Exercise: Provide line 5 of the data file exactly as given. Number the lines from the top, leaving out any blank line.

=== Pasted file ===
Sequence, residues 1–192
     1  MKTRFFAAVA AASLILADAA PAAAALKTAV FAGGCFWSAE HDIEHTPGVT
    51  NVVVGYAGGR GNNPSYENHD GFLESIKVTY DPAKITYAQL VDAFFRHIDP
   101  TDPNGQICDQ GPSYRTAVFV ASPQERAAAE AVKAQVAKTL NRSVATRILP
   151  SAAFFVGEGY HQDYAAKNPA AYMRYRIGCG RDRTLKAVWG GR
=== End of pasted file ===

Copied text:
   151  SAAFFVGEGY HQDYAAKNPA AYMRYRIGCG RDRTLKAVWG GR